Why MS4s Should Use Natural Stream Channel Restoration to Reduce Stormwater Pollution

The Environmental Protection Agency (EPA) protects water quality by regulating municipal separate storm sewer systems (MS4s) to reduce the pollutants that stormwater carries into storm sewers. Pollutants such as oil, pesticides, and sediments are picked up by stormwater and carried through storm sewers into waterways. Increased stormwater runoff volumes can also result in increased receiving channel erosion and sediment loading. MS4s meet permit and total maximum daily load (TMDL) requirements through a suite of strategies including educating the public, eliminating illicit discharges, and controlling runoff from construction sites and existing impervious areas. When a single strategy is not effective, a treatment train approach can do the trick.

Enter Natural Stream Channel Restoration

When combined with other measures such as street inlet cleaning, illicit discharge elimination, and stormwater basins constructed to filter pollutants, stream restoration can be used at the end of the treatment train in combination with other stormwater control measures (SCMs) to dramatically reduce pollutant loads in our waterways. When we restore the natural state and functioning of a degraded stream or river, we reduce bed and bank erosion and capture pollutants (sediment and nutrients) before they are transported downstream.

Natural stream channel restoration is careful business, requiring thorough geomorphic assessment, natural channel design, wet channel conveyance (step-pool conveyance), legacy sediment removal, floodprone area reconnection, and other streambed and bank modifications to restore natural forms, functions, and processes.

Stream-beforePrior existing unstable, eroded, and incised channel condition with disconnected floodplain.

To identify suitable stream restoration locations and develop appropriate concept designs, planners, scientists, and engineers evaluate and complete an inventory of opportunities and constraints, including:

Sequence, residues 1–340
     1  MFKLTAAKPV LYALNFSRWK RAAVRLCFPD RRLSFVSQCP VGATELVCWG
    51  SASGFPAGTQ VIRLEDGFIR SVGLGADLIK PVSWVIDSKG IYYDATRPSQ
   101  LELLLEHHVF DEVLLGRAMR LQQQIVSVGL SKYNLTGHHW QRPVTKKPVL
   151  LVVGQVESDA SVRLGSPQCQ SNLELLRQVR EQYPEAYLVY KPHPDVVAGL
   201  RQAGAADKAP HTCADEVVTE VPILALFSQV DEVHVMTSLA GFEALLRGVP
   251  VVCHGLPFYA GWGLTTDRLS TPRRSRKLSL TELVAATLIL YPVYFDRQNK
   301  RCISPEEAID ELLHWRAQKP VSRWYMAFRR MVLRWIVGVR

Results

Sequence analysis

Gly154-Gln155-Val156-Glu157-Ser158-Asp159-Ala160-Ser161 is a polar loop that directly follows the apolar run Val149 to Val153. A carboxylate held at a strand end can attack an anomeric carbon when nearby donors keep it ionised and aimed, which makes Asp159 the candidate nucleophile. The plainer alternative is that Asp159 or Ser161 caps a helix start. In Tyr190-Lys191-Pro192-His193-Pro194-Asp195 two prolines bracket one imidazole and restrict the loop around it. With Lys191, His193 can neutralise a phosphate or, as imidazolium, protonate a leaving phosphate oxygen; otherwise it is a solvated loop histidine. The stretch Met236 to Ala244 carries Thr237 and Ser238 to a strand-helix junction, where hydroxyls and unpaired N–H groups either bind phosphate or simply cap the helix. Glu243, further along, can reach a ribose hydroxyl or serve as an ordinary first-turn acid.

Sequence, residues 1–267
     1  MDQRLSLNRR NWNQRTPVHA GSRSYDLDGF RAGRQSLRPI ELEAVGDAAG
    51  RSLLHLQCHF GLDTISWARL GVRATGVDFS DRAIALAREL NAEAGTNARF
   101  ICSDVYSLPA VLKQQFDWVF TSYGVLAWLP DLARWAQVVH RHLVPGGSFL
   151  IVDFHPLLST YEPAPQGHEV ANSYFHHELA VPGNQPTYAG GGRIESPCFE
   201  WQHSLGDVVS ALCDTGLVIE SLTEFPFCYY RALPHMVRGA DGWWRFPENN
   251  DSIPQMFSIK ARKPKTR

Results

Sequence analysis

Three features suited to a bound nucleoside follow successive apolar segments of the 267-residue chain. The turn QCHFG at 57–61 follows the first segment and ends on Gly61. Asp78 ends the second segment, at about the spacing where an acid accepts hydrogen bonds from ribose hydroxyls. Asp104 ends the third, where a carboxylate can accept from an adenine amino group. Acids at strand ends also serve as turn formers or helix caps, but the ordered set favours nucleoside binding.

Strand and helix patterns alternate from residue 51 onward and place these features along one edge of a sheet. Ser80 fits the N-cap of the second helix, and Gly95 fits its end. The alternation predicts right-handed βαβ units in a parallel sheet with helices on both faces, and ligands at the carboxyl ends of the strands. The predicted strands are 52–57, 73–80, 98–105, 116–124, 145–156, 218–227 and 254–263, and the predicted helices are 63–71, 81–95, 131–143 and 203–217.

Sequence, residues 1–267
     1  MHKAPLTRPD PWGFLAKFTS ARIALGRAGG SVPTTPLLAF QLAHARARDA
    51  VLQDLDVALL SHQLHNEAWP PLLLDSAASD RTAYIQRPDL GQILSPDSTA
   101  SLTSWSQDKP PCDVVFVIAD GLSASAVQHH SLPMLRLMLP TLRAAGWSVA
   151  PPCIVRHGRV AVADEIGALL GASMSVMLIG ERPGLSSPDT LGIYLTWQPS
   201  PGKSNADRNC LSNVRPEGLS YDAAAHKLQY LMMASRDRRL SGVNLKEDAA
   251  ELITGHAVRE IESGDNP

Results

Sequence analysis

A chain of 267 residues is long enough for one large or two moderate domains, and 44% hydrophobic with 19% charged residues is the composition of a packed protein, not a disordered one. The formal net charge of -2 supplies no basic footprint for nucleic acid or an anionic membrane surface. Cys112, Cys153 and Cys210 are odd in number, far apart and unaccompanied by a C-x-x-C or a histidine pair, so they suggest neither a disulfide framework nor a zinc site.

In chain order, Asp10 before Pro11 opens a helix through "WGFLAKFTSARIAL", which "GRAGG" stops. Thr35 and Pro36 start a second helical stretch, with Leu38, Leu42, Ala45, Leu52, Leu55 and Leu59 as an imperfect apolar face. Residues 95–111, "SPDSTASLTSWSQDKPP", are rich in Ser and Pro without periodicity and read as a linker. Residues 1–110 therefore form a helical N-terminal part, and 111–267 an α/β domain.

1. Determination of prior/historical alteration(s) resulting in current impaired stream conditions;
  2. Accessibility (ownership, easements, rights of way);
  3. Existing adjacent infrastructure (including roads, bridges, sewer, pipelines, public facilities, trails, parks, greenways);
  4. Environmental constraints (waste sites and sensitive wetlands, habitat, historical and archaeological resources);
  5. Stormwater floodplain retention and reconnection opportunities; and
  6. Existing bed and bank channel erosion, incision, and impairments that when restored net the greatest credit for the cost of the proposed restoration.

Stream-duringImpaired channel during restoration, shortly after construction.

Winning the Cost vs. Benefit Analysis

The cost benefit analysis for such projects may involve screening multiple sites and studying conceptual alternatives. Stream restoration projects constructed as part of a proper treatment train will maintain themselves, so future maintenance costs are reduced and potentially eliminated. Frequently stream restoration projects can be combined with improvements to public parks and greenways, giving increased weight to the benefit side of the equation.

Headwater streams (first-, second-, and third-order streams) that have been filled, drained, channelized, or encroached upon, can offer the greatest potential pollutant reduction opportunities through restoration and floodplain reconnection. Stream restoration is most effective when it supports the reconnection of floodplains and establishment of the vegetative riparian buffer—which promote sedimentation and nutrient uptake and removal within the functioning storm/floodplain or bankfull discharge floodprone area, while reducing bank shear stress.

When properly assessed, designed, jointly implemented, and constructed, natural channel stream restoration can provide the greatest opportunity for pollutant reduction removal at reduced maintenance costs. Benefits typically far exceed cost, especially when accounting for the triple bottom line of social, economic, and ecologic benefits.

And, after restoring trout streams, they fish great!

Stream-afterRestored green vegetated stable channel and reconnected floodplain one year after restoration.

  • Tom Graupensperger
    Tom Graupensperger
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